My grandfather was said to have been larger than life. He was a local celebrity, tavern owner, opera singer, father of ten and obsessive extrovert. He was a hard drinking, opinionated, Victorian/Edwardian-era pater familias. He ruled his home and business absolutely. He played his many children off each other, clearly favoring his namesake over others. Like most fathers of his time, Bill Ziegler was not afraid to use corporal punishment. I’m pretty sure he wasn't afraid of anything.
He taught my mother to play piano, not by practicing scales or notes or etudes or however people normally learn to play but by singing a song for her and telling her she had to be able to play it when he returned. Most of the time she did. If she failed, well….
Until recently, I considered myself to be an expert in forgiveness. Looking back over my life, I have been able to forgive people who have wronged me, even people who have wronged my own children. Sighs of relief all around. But I cannot forgive my grandfather.
I have held bitterness and disapproval in my heart. He was not someone I would admire. But, worse than that, because he was so much “larger than life” he infected lives around him, my mother’s life, to be sure, and that of her sisters and brothers. He has even affected my life and that of my siblings, and cousins.
We all caught a bit of the taint of Bill Ziegler. We all thought we were a bit grander than we were, a bit more in demand; we held our opinions up as models for everyone; we delighted in our own righteous anger. This is how we thought we were supposed to be. Over the years, we all, thank God, moderated our habits, but we’d have all been a lot happier if we hadn't had his glowering ghost hanging over us.
In 1937, at the age of 65, my grandfather died in an automobile accident. Finding the old obituary last year, I noted that no mention was made of alcohol as a cause, but he and a friend had been at an annual meeting of tavern owners. I know my grandfather. He was drunk. He left a wife and ten children, the youngest of whom was still in his teens. Personally, I think that was my grandmother’s luckiest day. She did fine. They all did fine. Better than fine in most cases.
Three days ago, I realized just how much I hate this man whom I never even met. I hate his celebrity, his pomposity, his hubris, his ego. And I mustn't. I am trying to find a way out of this and praying a lot. Somehow, I have to be able to forgive this man. I have to be able to see him as God sees him. If my heart breaks for gangsters and ISIS fighters, it must break for him as well.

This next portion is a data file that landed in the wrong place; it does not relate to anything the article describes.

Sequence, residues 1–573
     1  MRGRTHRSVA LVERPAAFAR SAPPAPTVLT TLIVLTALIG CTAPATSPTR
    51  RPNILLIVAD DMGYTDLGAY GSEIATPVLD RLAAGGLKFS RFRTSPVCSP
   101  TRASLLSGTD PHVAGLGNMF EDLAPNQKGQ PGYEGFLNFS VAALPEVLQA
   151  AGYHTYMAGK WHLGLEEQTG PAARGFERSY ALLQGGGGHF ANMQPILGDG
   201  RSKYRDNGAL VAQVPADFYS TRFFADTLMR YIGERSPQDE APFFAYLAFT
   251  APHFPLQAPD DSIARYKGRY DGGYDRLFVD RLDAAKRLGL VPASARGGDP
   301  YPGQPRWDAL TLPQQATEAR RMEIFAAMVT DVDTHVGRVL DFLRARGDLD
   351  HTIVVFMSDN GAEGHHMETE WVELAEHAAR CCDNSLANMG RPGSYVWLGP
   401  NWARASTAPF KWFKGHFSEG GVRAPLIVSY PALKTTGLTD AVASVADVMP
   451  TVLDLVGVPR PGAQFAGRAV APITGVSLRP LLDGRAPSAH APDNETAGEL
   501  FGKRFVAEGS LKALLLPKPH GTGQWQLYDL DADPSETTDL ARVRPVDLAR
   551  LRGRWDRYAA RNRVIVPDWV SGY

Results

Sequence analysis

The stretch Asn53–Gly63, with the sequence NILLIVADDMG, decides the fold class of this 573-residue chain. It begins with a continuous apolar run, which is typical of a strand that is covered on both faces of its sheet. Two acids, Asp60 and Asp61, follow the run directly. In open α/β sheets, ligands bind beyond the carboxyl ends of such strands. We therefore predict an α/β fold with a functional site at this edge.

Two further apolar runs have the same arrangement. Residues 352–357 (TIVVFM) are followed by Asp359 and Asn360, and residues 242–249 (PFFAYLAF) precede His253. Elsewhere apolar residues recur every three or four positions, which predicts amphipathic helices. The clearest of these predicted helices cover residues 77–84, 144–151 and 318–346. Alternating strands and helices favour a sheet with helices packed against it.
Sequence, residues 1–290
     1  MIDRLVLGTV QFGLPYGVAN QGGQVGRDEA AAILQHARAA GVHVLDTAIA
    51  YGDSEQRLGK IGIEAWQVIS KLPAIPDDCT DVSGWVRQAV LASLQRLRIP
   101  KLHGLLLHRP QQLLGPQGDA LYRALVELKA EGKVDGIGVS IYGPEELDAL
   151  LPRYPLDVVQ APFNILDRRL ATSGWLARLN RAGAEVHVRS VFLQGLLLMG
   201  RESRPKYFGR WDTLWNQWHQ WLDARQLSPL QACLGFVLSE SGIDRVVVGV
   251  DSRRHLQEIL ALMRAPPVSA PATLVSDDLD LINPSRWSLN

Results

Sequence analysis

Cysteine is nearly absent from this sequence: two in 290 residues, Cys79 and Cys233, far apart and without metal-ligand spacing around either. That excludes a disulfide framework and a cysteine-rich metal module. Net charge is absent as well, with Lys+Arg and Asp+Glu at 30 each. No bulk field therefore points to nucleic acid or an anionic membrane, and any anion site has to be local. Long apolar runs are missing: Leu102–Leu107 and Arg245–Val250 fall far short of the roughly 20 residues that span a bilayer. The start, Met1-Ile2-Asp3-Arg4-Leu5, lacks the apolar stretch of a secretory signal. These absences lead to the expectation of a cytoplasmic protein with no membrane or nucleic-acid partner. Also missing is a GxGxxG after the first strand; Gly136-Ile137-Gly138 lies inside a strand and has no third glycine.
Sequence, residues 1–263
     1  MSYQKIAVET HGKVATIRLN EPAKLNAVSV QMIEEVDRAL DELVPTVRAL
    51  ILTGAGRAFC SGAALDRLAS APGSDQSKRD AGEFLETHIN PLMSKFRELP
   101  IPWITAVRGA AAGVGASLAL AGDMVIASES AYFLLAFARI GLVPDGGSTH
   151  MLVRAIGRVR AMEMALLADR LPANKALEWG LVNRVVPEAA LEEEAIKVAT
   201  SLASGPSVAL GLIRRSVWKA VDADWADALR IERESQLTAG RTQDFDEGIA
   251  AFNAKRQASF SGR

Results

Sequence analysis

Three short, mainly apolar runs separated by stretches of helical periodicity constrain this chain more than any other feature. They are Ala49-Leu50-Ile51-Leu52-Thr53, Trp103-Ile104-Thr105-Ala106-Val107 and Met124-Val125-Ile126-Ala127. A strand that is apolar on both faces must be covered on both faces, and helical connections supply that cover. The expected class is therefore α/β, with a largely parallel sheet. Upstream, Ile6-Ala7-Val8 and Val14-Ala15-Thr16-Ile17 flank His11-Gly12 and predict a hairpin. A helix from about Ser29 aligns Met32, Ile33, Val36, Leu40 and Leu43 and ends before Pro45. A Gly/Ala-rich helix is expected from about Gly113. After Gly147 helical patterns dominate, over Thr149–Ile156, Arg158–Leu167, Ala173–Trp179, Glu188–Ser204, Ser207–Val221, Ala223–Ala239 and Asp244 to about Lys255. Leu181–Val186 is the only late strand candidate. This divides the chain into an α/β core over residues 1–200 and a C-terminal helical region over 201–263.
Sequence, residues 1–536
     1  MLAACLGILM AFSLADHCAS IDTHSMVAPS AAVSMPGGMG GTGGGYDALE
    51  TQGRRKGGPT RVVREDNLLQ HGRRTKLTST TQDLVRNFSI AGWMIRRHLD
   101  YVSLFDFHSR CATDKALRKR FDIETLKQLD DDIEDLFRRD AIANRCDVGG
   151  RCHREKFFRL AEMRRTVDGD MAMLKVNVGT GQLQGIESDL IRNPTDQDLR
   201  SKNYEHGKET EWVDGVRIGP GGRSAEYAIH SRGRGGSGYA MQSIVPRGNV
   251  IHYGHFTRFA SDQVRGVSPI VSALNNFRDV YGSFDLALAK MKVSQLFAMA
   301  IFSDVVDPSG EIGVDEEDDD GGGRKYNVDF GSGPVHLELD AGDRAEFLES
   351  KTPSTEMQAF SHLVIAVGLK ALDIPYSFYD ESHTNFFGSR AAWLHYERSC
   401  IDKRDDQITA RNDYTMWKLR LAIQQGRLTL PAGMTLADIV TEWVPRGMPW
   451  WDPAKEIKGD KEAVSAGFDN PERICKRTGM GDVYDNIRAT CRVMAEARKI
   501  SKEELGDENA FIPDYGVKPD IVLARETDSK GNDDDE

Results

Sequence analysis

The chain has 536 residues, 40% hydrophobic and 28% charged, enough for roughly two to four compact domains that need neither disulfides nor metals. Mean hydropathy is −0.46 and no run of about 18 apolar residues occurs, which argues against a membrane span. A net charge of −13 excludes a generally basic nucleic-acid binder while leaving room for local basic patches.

It’s not about what he did, or failed to do, his things done and left undone. These will not change and I can't rationalize them or re-analyze them. The job that I have right now, that has been given to me by a gracious God, is to find love in my heart for this man whom I do not love. To do any less is to make myself more righteous than God. It is to say: God can forgive you, Bill Ziegler, but I can’t.
On the 22nd of January I was blessed to recite, as I am blessed to recite on the 22nd of every month, Psalm 109. These words struck me:
He put on cursing like a garment,
let it soak into his body like water
and into his bones like oil.
These words are not about my grandfather, they are about me. I put on cursing like a garment and it may have already soaked into my body like water, and into my bones like oil. I know what I am meant to learn from this verse. Intellectually, I am grateful for the chance to rid myself of this poison. On paper, I know that my soul is weary from carrying this burden of bitterness, a burden which I nevertheless somehow enjoy. How grand it is to hate someone!
So I will pray. I will thank God for showing me my fault. I will thank the Psalmist for touching me so particularly with his words. And maybe, before I die, I will thank my grandfather for teaching my mother to play the piano which gave us such joy, for bringing cheer into many people’s lives (which I know he did) and for starting up a family that has given me tender love and attention.